PYEONGCHANG, South Korea (Reuters) - Russia’s absence from the Pyeongchang Olympics opening ceremony where its athletes marched as independents due to the country’s drug scandal, was a positive sign in the fight against doping, the International Olympic Committee said on Saturday.
Russia as a nation was banned from the Games and its 168 athletes who have travelled to South Korea, invited by the IOC after careful drugs screening, are competing under the Olympic flag, wearing neutral uniforms identifying them as “Olympic athletes from Russia.”
Gold medal winners will not hear Russia’s anthem but instead the Olympic one and they cannot wave Russian flags inside Olympic venues.
During Friday’s ceremony they marched wearing nondescript grey jackets and dark trousers, white hats and white scarves with no mention of Russia.
The words “Olympic athlete from Russia” were stitched on their scarves.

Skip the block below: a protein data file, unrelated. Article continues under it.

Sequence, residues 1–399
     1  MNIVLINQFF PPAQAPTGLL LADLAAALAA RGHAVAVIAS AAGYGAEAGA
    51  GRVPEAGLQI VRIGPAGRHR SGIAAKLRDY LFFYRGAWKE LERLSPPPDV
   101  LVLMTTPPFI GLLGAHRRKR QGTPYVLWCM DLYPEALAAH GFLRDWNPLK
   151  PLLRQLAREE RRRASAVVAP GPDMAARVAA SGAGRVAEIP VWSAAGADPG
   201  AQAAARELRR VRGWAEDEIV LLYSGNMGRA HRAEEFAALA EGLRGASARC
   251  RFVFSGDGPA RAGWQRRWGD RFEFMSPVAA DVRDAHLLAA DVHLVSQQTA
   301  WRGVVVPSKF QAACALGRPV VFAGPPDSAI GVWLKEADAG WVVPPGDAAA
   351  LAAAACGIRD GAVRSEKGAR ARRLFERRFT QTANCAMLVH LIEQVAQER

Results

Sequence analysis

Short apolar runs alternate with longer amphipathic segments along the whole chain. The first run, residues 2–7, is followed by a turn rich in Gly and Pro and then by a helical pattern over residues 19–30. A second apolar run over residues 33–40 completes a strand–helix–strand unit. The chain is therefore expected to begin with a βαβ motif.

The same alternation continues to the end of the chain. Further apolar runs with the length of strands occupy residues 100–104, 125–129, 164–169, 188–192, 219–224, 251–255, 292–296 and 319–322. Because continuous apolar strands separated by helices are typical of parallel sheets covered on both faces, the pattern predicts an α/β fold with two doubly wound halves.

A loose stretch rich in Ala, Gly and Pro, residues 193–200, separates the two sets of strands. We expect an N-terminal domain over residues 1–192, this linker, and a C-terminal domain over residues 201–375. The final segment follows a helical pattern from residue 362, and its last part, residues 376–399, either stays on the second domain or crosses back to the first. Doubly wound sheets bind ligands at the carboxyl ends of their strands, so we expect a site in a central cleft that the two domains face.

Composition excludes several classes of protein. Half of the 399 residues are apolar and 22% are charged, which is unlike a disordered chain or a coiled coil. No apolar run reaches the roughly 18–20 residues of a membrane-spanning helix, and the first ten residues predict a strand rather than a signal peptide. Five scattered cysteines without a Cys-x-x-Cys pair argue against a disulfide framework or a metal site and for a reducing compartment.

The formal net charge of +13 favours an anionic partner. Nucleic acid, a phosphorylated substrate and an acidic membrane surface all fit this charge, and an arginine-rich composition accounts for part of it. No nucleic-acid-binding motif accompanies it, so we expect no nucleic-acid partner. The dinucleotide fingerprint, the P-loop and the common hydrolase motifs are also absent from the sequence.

“I hope the message is that it has provided a path for clean athletes,” IOC spokesman Mark Adams told reporters. “Seventy five percent (of the Russian athletes in Pyeongchang) have never taken part at Games before.
“Hopefully that would be something that could take us to the future. I think it is a strong, positive message.”
Russia, a winter sports powerhouse, were found guilty of tampering with doping samples at the Sochi 2014 Winter Olympics to give its athletes an edge at their home Games.
The country’s sports and anti-doping establishment has been the target of several investigations that recorded systematic manipulation of doping samples, not only in Sochi, but also across many sports and more than 1,000 athletes.
The IOC in December banned Russia from the Games and stripped several off their Sochi medals. Russian athletes tried to overturn the IOC’s decision, taking their cases to the Court of Arbitration for Sport.
Many Russians had their appeals upheld at CAS last week but the IOC refused to invite them, saying there was enough evidence or strong suspicion to exclude them.
Another 45 athletes and coaches, who had not been named in those investigations and had no previous doping record, had their appeals to be included in the Games dismissed by CAS on Friday, hours before the opening ceremony.
The Court ruled the IOC’s refusal to invite them constituted no sanction but rather an eligibility decision.
Reporting by Karolos Grohmann; editing by Sudipto Ganguly